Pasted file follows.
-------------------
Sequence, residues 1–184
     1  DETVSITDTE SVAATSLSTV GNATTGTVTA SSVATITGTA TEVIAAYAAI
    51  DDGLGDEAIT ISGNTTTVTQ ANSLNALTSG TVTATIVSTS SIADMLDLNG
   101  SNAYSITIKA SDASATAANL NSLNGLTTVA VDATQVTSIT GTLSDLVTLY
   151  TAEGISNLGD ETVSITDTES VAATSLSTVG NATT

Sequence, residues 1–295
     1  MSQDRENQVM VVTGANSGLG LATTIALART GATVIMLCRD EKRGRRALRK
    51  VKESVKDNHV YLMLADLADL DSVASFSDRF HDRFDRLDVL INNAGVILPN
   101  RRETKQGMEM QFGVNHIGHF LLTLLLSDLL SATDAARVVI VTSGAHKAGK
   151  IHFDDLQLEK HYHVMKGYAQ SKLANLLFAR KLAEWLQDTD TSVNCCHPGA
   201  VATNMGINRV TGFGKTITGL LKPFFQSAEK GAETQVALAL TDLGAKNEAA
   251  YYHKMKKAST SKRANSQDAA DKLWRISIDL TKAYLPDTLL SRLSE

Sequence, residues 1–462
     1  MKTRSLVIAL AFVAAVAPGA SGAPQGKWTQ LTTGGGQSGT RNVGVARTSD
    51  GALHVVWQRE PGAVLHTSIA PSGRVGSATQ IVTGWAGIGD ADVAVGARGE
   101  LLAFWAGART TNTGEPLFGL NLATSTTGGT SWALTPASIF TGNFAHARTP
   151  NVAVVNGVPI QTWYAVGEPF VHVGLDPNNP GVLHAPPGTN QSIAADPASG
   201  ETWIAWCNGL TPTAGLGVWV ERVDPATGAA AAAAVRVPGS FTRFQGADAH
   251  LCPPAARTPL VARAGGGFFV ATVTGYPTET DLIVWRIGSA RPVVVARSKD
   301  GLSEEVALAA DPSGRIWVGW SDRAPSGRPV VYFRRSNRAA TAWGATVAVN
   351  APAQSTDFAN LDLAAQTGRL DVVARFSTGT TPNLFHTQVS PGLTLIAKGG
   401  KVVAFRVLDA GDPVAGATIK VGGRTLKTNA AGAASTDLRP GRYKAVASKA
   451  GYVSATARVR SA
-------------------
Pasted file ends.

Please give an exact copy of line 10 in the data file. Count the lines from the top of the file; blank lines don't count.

   151  IHFDDLQLEK HYHVMKGYAQ SKLANLLFAR KLAEWLQDTD TSVNCCHPGA